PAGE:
The Philippines is taking part in the world’s largest gathering of ocean stakeholders that seeks to develop leadership and collaboration in the sustainability risks and opportunities affecting the future of marine environment.
Secretary of Environment and Natural Resources Ramon J. P. Paje represents the country to the second Sustainable Ocean Summit (SOS) being held from April 22 to 24 in Washington, D.C.
Organized by the World Ocean Council (WOC), SOS is an international conference attended by policy makers and executives from different parts of the world that distinguish themselves as leaders in ocean stewardship and sustainability.
The summit, which was first held in Belfast, Ireland, in 2010, brings together a wide range of industries involved in the use of marine space and resources.
“The Philippines, especially, is a major player in sustainability of coastal and marine resources, being an archipelagic country with 240 million hectares of water (30-million hectares of land), and being at the center of the world’s marine biodiversity,” Paje said.
The environment chief said the importance of the Philippine seas could not be underscored enough as the country has been considered as among the world’s largest producers of fish and aquaculture, and that it accounts for 43 percent of the marine aquarium fish and 36 percent of the invertebrates traded globally.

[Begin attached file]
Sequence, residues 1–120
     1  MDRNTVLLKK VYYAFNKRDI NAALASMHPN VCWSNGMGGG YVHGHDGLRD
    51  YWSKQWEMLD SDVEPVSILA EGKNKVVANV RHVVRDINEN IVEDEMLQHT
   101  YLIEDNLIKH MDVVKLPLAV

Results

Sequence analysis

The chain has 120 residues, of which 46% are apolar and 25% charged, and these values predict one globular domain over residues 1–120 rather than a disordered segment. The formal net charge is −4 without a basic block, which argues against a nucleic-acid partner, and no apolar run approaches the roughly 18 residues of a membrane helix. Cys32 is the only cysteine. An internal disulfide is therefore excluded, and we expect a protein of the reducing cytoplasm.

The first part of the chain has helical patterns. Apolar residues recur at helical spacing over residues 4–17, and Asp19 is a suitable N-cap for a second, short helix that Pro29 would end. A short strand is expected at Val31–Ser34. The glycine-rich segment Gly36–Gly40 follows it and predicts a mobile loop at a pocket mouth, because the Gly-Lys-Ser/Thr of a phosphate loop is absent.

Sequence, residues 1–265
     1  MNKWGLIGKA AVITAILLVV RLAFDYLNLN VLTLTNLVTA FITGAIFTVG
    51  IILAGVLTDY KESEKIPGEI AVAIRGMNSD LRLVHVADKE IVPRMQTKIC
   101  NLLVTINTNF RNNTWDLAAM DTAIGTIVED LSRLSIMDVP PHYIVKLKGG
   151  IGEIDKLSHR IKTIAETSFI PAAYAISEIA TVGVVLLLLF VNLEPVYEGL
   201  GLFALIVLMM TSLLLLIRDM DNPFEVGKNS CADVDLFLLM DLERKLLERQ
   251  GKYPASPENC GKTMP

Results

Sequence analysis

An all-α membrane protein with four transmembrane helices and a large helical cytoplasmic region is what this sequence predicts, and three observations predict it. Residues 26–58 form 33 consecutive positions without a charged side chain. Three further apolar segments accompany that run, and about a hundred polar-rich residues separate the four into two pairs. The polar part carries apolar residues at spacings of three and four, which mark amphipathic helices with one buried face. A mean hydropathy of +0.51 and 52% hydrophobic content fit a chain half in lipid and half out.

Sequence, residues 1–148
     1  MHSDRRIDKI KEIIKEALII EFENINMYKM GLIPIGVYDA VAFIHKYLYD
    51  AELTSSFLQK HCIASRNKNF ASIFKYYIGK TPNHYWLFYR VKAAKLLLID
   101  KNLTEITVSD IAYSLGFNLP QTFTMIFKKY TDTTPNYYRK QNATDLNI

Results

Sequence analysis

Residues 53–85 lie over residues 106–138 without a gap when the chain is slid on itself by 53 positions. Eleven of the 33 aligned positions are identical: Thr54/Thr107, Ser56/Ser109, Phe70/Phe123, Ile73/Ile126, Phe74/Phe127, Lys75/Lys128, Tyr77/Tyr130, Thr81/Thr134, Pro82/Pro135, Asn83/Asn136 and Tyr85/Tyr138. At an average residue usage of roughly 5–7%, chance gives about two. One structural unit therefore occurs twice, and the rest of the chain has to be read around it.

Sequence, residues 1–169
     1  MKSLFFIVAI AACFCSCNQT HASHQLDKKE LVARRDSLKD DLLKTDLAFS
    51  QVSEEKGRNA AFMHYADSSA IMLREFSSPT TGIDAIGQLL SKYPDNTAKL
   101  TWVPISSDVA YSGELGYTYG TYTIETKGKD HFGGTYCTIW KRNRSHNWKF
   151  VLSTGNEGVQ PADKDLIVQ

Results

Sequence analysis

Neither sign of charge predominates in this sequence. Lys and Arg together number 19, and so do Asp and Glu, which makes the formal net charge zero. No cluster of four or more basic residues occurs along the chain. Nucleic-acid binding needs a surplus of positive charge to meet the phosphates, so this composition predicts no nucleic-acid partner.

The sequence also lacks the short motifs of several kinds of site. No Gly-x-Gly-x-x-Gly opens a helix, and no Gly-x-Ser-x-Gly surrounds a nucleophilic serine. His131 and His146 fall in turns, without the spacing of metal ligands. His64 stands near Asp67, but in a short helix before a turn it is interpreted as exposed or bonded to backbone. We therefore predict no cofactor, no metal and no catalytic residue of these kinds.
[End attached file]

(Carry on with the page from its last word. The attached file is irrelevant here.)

According to Paje, the country’s participation in the summit is significant in light of preparations being undertaken by the government as it hosts the Asia-Pacific Economic Cooperation (APEC) meeting in 2015.
The Office of the President earlier tasked the Department of Environment and Natural Resources to host the Ministerial Meeting on Oceans or the Blue Environment during the event.
Moreover, the Philippines was the site of the “Manila Declaration on Furthering the Implementation of the Global Programme of Action for the Protection of the Marine Environment from Land-based Activities” in which different governments and the European Commission committed to reduce, control and prevent marine litter, wastewater, and pollution from fertilizers.
The declaration was signed during the Global Conference on Land-Ocean Connections (GLOC) and the Third Intergovernmental Review (IGR-3) Meeting on the Implementation of the Global Programme of Action for the Protection of the Marine Environment, which was hosted by the Philippines in January 2012.
The Philippines is also involved in several key collaborations for ocean conservation especially in Southeast Asia. One of these is the Sulu-Sulawesi Marine Ecoregion Conservation Program with Indonesia and Malaysia.
It is also one of the six member countries of the Coral Triangle Initiative on Coral Reefs, Fisheries and Food Security, protecting the Coral Triangle that contains 40 percent of the world’s coral reef fish species and 75 percent of the world’s coral species, 53 percent of these were found to be resilient to climate change.
Part of the Coral Triangle is Palawan’s Tubbataha Reefs Natural Park, which was declared a World Heritage Site by the United Nations Educational, Scientific and Cultural Organization (UNESCO), and a Wetland of International Importance by the Ramsar Convention.
Last year, the Philippines’ claim to the Benham Rise Region (BRR)—a 13-million-hectare area off the coast of Aurora province—as part of its extended continental shelf was approved by the UN Convention on the Law of the Sea (UNCLOS). As such, the country has sovereign rights to natural resources within the BRR, including gas and mineral deposits.
UNCLOS is an international agreement that defines the limits of territorial seas of countries in which they can exploit marine resources.